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PROSPERITY CONSULTING GROUP

Architect – Engineer - Planner

18501 Vidora Dr. #A Rowland Hts, Ca 91748

www.e-Architect.us

www.e-Engineer.us

www.e-Planner.us

PROSPERITY CONSULTING GROUP

Architect – Engineer - Planner

18501 Vidora Dr. #A Rowland Hts, Ca 91748

www.e-Architect.us

www.e-Engineer.us

www.e-Planner.us

Prosperity Consulting Group 2005, All rights Reserved Prosperity Consulting Group 2005.

Building code/Regulations
building code, or building control, is a set of rules that specify the minimum acceptable level of safety for constructed objects such as buildings and nonbuilding structures. The main purpose of building codes are to protect public health, safety and general welfare as they relate to the construction and occupancy of buildings and structures. The building code becomes law of a particular jurisdiction when formally enacted by the appropriate authority.
Building codes are generally intended to be applied by architects and engineers although this is not the case in the UK where Building Control Surveyors act as verifiers both in the public and private sector (Approved Inspectors), but are also used for various purposes by safety inspectors,environmental scientists,real estate developers, contractors and subcontractors, manufacturers of building products and materials,insurance companies, facility managers,tenants, and others.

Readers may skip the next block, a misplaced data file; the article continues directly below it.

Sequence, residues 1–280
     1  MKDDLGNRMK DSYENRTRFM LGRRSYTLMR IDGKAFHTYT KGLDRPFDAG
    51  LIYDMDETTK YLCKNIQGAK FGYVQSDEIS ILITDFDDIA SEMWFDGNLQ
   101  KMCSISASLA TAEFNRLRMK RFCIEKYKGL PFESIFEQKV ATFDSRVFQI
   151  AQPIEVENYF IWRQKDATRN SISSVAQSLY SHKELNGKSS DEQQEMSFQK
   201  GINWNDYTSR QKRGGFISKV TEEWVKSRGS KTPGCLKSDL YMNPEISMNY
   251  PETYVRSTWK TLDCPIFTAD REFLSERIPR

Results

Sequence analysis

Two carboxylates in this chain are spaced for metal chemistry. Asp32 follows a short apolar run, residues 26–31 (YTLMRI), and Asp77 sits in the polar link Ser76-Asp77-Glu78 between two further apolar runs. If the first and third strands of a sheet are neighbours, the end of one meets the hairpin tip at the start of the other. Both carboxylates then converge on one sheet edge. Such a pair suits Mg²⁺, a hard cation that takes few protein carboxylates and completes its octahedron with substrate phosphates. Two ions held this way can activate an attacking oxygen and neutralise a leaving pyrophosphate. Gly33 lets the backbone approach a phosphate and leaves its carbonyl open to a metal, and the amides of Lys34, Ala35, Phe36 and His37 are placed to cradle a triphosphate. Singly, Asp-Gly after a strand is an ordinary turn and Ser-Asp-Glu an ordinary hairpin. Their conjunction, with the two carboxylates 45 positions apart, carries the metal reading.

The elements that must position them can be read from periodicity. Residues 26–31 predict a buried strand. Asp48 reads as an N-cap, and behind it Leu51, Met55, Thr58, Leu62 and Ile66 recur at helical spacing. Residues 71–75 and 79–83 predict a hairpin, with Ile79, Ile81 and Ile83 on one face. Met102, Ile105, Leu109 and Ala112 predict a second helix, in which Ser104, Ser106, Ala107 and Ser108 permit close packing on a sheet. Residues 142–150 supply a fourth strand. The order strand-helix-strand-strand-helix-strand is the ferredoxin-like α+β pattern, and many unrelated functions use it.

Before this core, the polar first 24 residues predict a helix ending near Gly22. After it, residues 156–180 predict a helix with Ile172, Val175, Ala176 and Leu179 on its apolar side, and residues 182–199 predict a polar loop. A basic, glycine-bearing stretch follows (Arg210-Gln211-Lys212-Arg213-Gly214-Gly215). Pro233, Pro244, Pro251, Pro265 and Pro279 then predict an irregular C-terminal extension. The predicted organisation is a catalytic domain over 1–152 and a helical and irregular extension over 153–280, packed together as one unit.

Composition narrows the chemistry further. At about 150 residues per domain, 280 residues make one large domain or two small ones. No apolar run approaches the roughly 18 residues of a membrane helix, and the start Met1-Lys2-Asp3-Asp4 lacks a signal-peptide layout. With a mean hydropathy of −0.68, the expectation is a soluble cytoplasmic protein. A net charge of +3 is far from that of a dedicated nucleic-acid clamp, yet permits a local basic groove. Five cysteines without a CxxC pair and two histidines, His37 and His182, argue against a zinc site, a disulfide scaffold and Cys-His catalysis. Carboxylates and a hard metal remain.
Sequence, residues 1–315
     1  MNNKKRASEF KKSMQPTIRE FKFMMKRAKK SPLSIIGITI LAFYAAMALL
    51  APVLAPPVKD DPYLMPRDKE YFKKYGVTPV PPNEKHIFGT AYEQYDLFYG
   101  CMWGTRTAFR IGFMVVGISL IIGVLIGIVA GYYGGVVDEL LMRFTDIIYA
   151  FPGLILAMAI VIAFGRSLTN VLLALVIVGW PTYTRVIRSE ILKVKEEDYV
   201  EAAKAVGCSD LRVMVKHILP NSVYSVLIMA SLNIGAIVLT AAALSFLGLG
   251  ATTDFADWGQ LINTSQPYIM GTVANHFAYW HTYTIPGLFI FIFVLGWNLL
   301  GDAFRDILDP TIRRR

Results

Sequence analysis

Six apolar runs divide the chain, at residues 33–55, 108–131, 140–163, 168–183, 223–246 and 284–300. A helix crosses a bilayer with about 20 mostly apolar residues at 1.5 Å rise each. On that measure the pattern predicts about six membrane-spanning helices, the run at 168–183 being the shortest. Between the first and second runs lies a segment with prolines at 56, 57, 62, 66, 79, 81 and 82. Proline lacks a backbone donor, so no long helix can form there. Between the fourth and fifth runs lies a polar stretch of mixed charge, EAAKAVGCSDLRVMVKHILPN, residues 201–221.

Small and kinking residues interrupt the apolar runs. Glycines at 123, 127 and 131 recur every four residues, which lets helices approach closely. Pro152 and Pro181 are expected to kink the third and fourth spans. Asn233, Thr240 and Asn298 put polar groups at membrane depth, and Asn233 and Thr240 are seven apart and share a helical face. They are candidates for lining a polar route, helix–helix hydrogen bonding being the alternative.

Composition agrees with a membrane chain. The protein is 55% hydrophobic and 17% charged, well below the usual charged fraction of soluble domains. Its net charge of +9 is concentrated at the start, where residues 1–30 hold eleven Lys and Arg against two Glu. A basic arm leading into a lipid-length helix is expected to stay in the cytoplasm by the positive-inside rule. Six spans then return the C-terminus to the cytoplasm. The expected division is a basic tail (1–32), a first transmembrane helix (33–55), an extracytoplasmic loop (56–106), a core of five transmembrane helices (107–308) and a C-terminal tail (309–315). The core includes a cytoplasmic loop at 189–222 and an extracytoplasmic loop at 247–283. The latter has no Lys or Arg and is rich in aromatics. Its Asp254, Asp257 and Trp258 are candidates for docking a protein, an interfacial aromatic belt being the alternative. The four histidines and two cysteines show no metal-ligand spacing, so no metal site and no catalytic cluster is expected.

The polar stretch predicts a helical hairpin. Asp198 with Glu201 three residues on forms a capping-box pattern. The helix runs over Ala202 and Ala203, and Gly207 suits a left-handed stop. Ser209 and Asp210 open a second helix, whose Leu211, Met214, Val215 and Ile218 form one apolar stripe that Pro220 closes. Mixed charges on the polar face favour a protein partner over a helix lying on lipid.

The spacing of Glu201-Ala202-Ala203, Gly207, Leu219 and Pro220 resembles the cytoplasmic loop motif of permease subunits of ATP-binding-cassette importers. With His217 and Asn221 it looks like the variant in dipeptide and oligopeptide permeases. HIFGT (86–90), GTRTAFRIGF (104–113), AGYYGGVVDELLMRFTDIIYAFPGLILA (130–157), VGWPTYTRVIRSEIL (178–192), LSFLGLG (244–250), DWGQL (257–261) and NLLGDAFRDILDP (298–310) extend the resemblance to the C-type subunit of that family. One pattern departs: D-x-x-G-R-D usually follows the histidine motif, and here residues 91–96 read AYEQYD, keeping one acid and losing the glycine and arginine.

There are often additional codes or sections of the same building code that have more specific requirements that apply todwellingsand special construction objects such as canopies, signs,pedestrian walkways,parking lots, and radio and televisionantennas.
Types of building codes
The practice of developing, approving, and enforcing building codes varies considerably among nations. In some countries building codes are developed by the government agencies or quasi-governmentalstandards organizationsand then enforced across the country by thecentral government. Such codes are known as thenational building codes(in a sense they enjoy a mandatory nation-wide application).
In other countries, where the power of regulating construction and fire safety is vested in local authorities, a system of model building codesis used. Model building codes have no legal status unless adopted or adapted by an authority having jurisdiction. The developers of model codes urge public authorities to reference model codes in their laws, ordinances, regulations, and administrative orders. When referenced in any of these legal instruments, a particular model code becomes law. This practice is known asadoption by reference. When an adopting authority decides to delete, add, or revise any portions of the model code adopted, it is usually required by the model code developer to follow a formal adoption procedure in which those modifications can be documented for legal purposes.